Mexico's government has declared a first-ever "gender alert" for a central state due to a high incidence of killings and disappearances of women.

The alert for the State of Mexico, outside the capital, was decreed by the Interior Department. It cites "systematic violence against women" and "an atmosphere of impunity and permissiveness" toward such crimes.

The report says more than 1,700 women were slain in the state between 2005 and 2014, and at least 4,281 women and girls disappeared. Most of the missing reappeared alive, but 1,554 have never been heard from again.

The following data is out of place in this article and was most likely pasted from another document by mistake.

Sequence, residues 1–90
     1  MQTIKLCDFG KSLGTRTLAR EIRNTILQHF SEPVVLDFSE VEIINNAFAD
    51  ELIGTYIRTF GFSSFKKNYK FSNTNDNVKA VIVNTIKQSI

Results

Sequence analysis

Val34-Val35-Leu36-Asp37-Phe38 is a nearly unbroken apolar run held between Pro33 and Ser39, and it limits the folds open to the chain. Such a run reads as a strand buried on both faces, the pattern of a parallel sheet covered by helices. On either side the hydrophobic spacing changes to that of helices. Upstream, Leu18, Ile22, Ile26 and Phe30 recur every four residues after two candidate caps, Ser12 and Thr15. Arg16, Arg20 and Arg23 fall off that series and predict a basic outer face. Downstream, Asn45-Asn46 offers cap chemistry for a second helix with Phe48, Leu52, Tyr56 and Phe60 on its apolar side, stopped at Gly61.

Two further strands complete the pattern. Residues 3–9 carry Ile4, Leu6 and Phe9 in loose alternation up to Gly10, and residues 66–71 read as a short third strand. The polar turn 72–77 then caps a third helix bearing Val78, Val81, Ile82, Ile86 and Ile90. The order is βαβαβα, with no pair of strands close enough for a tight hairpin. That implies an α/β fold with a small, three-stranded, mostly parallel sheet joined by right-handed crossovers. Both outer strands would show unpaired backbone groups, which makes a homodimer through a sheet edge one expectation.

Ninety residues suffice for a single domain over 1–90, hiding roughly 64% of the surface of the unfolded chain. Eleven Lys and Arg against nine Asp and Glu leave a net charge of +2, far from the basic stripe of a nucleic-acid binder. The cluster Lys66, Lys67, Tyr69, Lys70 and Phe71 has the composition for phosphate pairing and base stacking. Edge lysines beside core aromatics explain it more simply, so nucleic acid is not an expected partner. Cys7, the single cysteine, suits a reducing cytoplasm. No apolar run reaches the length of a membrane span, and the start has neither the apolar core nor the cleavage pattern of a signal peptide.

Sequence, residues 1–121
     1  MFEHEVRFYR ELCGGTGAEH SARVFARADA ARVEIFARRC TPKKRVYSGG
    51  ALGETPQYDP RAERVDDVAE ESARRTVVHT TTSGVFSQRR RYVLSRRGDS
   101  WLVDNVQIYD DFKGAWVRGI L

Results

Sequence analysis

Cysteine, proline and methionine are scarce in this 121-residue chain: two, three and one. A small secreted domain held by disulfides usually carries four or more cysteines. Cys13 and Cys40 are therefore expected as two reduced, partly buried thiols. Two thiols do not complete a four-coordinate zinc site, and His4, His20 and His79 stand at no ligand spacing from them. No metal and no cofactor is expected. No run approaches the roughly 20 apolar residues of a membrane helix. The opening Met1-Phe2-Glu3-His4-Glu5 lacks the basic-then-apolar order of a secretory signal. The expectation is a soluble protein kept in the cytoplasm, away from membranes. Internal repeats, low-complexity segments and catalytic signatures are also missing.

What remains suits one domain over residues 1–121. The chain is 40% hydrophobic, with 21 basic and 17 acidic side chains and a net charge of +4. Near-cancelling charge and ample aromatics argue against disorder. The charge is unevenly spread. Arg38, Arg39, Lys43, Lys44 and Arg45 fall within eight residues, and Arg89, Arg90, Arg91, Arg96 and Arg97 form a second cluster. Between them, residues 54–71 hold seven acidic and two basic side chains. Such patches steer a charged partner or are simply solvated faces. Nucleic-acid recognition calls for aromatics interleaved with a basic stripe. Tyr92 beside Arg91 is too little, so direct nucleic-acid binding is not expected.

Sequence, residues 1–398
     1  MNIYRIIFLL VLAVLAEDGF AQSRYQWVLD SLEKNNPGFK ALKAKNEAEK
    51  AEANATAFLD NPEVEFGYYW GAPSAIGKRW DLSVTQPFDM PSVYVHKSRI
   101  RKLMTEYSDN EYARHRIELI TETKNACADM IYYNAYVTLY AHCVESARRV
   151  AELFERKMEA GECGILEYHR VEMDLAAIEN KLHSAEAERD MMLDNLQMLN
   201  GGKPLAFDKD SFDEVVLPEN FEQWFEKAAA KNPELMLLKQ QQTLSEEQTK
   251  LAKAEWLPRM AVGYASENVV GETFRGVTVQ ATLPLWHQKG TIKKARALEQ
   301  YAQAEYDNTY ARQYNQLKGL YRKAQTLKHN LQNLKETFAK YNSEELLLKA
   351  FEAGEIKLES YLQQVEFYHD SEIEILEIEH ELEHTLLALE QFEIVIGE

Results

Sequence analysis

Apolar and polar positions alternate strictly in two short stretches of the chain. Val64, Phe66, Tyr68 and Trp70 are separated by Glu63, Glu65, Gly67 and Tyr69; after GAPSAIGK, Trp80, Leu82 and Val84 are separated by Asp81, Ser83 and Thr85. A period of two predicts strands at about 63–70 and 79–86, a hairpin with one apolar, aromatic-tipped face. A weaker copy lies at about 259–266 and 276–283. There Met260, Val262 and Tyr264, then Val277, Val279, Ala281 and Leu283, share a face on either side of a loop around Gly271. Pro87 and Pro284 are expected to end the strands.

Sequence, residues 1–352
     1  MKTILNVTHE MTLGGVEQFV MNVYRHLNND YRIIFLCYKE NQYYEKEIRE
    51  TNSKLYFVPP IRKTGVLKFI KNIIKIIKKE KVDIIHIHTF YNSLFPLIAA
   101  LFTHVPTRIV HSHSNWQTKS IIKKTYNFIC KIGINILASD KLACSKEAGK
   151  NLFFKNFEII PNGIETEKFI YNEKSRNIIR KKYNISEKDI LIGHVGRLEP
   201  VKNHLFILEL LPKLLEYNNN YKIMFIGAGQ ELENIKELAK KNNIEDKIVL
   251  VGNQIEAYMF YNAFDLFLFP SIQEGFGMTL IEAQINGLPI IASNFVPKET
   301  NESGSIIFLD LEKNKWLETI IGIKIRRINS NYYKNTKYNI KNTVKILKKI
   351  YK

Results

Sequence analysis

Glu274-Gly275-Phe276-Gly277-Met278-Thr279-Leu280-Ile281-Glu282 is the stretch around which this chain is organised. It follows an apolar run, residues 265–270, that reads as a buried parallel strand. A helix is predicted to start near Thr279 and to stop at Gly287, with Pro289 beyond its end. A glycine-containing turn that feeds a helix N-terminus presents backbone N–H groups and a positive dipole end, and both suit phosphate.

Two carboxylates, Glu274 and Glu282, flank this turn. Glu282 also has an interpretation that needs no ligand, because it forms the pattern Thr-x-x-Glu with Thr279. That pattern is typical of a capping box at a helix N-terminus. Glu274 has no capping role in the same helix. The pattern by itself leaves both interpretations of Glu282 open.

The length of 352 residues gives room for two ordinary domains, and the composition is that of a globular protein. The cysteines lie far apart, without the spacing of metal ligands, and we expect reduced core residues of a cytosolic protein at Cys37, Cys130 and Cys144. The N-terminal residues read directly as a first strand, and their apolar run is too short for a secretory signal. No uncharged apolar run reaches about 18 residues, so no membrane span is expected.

The alert triggers measures designed to spur investigation and prevention, though none have officially been announced.

Maria de la Luz Estrada of the National Citizens' Observatory on Femicide said Wednesday that the alert sets a "historic" precedent.